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and is the billion dollars ultimately going to yield the best benefit for the market, for the customer, and ultimately for the end user, for the consumer, for the people in need, for the 95% of the world that are desperate to move themselves up the ladder in the world? or will the motivation of the market, the market that says, "if this works, i will get paid for it" — will that source the billion? and by the way, it's not... if i may interrupt, i mean, that sounds like, frankly, a billionaire mounting an extremely, er, persuasive defence of capitalism. but we live on a planet which is dominated by capitalism. and what we see is inequity of every different sort, across this planet. we see billions of people living with virtually nothing. we see a tiny, tiny few in the elite — like you, dave friedberg — living with unimaginable wealth. capitalism doesn't work. capitalism has its downside. have you read any of steven pinker�*s books? yeah, in fact, we've had him on the show.

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there was travesty and loss of life, and all these terrible things that happened because of it — but ultimately, it did enable a lot of progress for all of people that i think arose from discovering and realising the opportunities in the new world. so, i'm not going to rush to judgment to say that someone choosing to invest their wealth in discovering new frontiers — whether that's microscopic biological frontiers, or whether that's space frontiers — is doing right or wrong. i think time will tell what the benefits will be that will accrue ultimately to all people, if those discoveries do pan out, and they do yield benefit for us. dave friedberg, we have to end there, but thanks very much forjoining me on hardtalk. thanks for having me.

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The ReidOut

possession. according to people familiar with the matter. this comes after months of mounting frustrations from the justice department that despite after trump's lawyers provided assurances that a diligent search had been conducted for all of the documents, the fbi amassed evidence suggesting and later confirmed through a court authorized search that many more documents remained. the judge has not yet held a hearing or ruled on the request according to the post. joining me to discuss is charles coleman, civil rights attorney and msnbc legal analyst. charles, i gotta start with this. i get that the doj wants to bring charges against trump's whole team as a staff and a crew. can get it. i understand the anger and frustration. here's my thing. why has no one been arrested for this yet? because it almost seems like it's a good faith act on the part of the doj to think these people are just unaware as opposed to they're just lying. like, why hasn't someone been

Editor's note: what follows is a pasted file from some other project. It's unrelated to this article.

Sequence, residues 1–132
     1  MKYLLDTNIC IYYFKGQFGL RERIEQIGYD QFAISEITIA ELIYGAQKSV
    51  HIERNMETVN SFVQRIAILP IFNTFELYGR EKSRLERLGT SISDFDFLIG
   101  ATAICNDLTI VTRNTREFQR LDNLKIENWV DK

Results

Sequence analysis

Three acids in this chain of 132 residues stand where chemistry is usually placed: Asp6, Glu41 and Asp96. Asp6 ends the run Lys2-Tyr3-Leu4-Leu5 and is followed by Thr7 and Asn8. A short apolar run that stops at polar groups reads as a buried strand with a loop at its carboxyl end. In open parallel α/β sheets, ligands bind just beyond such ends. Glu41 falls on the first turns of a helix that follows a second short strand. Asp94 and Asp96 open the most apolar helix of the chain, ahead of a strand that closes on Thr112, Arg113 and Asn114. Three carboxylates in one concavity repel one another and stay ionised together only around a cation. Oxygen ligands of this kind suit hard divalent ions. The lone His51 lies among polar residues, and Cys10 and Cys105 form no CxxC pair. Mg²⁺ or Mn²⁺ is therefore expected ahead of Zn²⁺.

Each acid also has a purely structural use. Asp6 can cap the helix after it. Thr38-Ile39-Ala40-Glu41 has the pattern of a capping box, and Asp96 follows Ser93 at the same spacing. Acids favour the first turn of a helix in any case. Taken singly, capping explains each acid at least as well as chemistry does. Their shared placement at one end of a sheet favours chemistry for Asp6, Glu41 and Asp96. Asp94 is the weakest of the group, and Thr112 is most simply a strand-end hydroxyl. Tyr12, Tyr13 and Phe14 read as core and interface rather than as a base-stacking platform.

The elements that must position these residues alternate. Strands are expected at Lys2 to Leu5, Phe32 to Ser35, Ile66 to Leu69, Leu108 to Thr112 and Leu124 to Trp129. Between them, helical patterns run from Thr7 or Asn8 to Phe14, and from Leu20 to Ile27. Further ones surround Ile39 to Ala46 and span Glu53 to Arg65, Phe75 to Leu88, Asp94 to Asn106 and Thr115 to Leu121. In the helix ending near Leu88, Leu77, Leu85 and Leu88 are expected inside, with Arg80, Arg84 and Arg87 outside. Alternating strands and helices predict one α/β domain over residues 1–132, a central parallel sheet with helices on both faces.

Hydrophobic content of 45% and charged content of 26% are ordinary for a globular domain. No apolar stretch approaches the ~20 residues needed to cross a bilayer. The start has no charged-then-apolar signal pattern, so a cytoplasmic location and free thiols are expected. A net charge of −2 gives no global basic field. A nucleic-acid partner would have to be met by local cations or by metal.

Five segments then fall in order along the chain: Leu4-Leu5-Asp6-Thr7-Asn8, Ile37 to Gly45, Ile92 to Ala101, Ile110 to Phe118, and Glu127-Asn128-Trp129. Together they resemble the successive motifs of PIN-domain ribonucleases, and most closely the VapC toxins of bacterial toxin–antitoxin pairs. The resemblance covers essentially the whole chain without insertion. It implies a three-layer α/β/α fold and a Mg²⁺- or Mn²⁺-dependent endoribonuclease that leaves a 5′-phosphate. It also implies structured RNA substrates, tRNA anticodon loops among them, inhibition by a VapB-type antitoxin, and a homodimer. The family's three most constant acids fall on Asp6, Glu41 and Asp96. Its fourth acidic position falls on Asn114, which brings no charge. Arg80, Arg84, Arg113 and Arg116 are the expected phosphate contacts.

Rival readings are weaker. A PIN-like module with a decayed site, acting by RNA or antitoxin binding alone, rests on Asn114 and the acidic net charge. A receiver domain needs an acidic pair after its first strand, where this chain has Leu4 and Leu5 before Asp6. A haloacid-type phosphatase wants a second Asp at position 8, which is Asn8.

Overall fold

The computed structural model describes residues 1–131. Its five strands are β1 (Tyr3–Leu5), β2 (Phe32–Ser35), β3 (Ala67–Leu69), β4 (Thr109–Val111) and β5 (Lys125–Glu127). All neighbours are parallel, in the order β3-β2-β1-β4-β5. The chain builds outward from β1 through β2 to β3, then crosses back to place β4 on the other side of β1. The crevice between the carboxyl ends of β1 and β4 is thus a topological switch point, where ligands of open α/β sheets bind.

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The ReidOut

everyone under the bus. they're not willing to take that on and potentially risk an entire career over a client they know is dishonest and untruthful even with the people who he retains to represent him. this is more of a trump thing and a difficult tightrope for anyone at this point is left that is willing to take on the responsibility of representing donald trump in court. >> when we first heard about this, i was here this night, when we first heard about the raid at mar-a-lago and we heard about the documents and some of them were in a hallway and may have been corners, it didn't seem like all of them were secure. then we got the impression they may have been at mar-a-lago, they might be in other locations. they might be shifting around and around. how does the doj know how much is actually recovered and is there a possibility, not to suggest that trump isn't corrupt and the people with him aren't corrupt, but is it possible they don't even know the entirety of what they have, and they can't tloekt, which is one of the reasons it hasn't been returned? >> well, jason, between the national archives that have put

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Jesse Watters Primetime

the "new york times" hasn't given their workers a raise in two years. this is the same company that savages corporate america for not raising salaries. and writes editorial after editorial demanding we raise the minimum wage now. but, joe biden's economy, "new york times" writers are losing money. and the "new york times," they don't care. all about money. the "new york times" reporters also want to be able to work from home. but the "new york times" wants it employees, you know, to come to the office three times a week. and the workers say no. that's too much. covid is still here. and it can strike at any moment. even though they are all triple boosted. and did you know the "new york times" their healthcare plan doesn't pay for fertility treatments? this "new york times" war on women is outrageous. and the "new york times" reporters they want to have babies, too. they are not sold on aoc's great